My second task was to conduct a KAP study in every household in one village (KAP stands for Knowledge, Attitude and Practices). This allows HALO to assess the villagers’ mindsets regarding nearby mine fields. I went with a fellow volunteer, Katie, and we asked: Did they know of any mine accidents in the village since they had lived there? Did they know where the minefields were? If they worked in the minefields, how much money did they make?

This task was interesting, and vital, but closer to sociology fieldwork than mine clearance. Katie and I were assigned to Mahar Srob, a town of 126 families about a five-hour drive from Siem Reap. Language and culture were challenges, even though HALO provided us with an interpreter, Supoeung, a genial man in his late 20s who had learned English from his parents who had both been teachers. His father had also been chief of a village until he was killed by the Khmer Rouge.

Katie and I planned our approach, fearing villagers might be intimidated by a long list of questions, even with Supoeung’s help. We decided we needed to get the village chief to endorse our efforts so we explained our mission to him.

We asked him to send one member from each house to our lodgings (we were paying a local farmer for a few nights under his roof), and within minutes, there was a crowd. In fact, it had formed by the time we had walked from the chief’s house to ours, a two-minute walk, leaving us mystified as to how he had such effective communications. We were thrilled by the turnout and got to work. We started with basic questions like name, job, and how long they had lived there. Once a rapport had been established, we asked about their experiences with the mines. Of the 126 families, we were able to conduct 112 interviews. Some families had left to work in Thailand - which could only be reached by crossing the minefields.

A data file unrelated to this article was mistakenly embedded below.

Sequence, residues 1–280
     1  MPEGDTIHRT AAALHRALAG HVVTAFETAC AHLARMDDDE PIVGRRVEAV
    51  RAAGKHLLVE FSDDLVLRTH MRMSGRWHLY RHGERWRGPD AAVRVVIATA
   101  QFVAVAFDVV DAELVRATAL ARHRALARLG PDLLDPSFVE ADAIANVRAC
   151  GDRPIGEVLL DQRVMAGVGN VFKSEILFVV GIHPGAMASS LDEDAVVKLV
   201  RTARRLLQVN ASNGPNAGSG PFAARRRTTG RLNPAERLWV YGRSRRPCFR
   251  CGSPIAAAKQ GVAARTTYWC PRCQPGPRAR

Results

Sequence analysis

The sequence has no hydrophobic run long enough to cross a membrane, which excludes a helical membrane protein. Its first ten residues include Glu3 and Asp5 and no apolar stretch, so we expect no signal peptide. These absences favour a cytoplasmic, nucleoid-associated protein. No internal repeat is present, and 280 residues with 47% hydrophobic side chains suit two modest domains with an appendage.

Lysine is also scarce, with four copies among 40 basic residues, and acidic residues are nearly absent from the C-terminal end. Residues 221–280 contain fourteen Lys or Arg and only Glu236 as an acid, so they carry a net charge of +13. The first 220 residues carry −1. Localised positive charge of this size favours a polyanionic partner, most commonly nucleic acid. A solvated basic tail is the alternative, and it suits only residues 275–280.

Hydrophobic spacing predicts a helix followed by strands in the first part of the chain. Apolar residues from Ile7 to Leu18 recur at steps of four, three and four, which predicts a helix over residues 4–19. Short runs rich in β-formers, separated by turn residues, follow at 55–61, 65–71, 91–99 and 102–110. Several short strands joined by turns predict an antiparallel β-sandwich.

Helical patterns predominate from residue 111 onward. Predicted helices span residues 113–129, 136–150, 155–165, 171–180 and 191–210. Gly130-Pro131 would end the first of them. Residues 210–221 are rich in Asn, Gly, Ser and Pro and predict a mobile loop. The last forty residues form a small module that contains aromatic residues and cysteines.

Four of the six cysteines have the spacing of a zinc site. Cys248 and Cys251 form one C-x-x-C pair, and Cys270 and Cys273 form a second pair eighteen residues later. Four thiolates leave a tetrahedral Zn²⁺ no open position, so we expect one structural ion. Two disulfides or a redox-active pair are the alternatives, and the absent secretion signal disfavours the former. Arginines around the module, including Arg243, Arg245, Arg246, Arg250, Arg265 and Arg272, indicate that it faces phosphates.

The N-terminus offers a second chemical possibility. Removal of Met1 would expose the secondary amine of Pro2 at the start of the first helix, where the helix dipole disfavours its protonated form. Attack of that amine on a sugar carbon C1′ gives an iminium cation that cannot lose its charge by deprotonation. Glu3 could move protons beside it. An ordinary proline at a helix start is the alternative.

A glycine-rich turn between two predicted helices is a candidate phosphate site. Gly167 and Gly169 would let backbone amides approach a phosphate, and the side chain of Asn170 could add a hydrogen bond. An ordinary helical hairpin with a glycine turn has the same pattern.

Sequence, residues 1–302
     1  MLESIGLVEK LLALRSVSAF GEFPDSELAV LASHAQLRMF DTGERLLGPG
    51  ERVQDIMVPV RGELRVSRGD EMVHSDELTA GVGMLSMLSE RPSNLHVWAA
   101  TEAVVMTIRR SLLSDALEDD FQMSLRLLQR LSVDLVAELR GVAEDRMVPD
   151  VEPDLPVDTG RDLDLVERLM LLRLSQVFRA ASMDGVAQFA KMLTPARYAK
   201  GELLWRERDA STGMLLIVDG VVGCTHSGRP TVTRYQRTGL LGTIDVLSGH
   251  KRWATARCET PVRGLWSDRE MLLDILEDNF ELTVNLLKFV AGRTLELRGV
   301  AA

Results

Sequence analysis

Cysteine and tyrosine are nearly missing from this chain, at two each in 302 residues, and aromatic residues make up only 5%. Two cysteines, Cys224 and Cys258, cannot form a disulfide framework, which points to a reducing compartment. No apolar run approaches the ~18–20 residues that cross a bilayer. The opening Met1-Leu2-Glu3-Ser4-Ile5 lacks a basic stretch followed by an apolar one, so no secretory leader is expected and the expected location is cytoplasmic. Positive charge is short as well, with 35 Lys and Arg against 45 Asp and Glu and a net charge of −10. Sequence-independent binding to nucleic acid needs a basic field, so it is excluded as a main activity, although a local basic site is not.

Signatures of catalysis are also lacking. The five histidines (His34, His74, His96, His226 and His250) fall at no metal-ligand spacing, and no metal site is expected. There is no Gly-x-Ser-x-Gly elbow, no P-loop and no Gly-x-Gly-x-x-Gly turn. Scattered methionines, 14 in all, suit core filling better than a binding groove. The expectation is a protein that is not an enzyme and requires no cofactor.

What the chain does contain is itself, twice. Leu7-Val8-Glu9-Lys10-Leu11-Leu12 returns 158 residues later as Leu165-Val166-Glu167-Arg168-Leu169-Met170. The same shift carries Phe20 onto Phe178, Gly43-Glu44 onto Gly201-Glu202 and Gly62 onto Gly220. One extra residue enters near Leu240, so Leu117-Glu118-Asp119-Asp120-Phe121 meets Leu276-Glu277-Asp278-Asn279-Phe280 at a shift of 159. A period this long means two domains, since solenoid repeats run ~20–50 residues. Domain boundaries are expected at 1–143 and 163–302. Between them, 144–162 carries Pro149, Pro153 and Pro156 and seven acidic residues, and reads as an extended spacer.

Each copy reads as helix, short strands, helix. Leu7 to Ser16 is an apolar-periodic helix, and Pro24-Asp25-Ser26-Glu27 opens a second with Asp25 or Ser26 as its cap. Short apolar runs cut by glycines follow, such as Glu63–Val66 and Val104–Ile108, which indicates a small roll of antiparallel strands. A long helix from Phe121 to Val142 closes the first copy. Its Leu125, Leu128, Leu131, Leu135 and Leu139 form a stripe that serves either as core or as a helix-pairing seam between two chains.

The data analysis was the final stage of the KAP process. Katie and I made the five-hour drive back to headquarters and created graphs from the data. We found the villagers had an almost total awareness of where minefields were, as well as mine awareness education, be it from HALO or another organization. Yet over two-thirds of the villagers still entered the minefields regularly to harvest bamboo and wood, gather building materials, and even to trap game. The average pay for a day of work in those dangerous surroundings was 87 cents.

Additional facts were even more disturbing: 26 out of 126 families had suffered a mine or UXO accident. Two villagers had been killed, one of them while trying to save his brother. There was a father and daughter who had each lost a leg; the father had sent his daughter into the minefield to get a saw he left by mistake. The father would have gotten it himself, but he was crippled by an earlier mine accident. HALO has worked there since 1998 and cleared more than 2,500 mines and 1,500 items of UXO from the village, but it was only last year that they were allowed by the government to tackle the really dangerous areas that separate the village from Thailand.

My third task was to travel with two HALO workers, Patrick and Dan, to the minefields in the north and northwest parts of Cambodia. We first took a small plane to Thma Puok, some hundred miles west of Siem Reap, and then went to visit a nearby minefield. I joined Patrick, also new to HALO, in assisting Dan in quality control inspections of the minefields. I was curious to learn what this kind of inspection entailed in an environment with “quality” so irrefutably dangerous. It turned out that the inspections were partially for quality control, partially for management and communications, and partially for morale.

First, Dan would talk to the field officer about the general nature of clearance operations - “the task” in HALO-speak. Then he would monitor a few de-miners and see if they were properly equipped. On average, we visited three minefields a day. In some fields the work was a bit behind schedule and some equipment was overdue for service, but there were no safety issues and it was heartening to see that none of the jobs were hindered by major problems.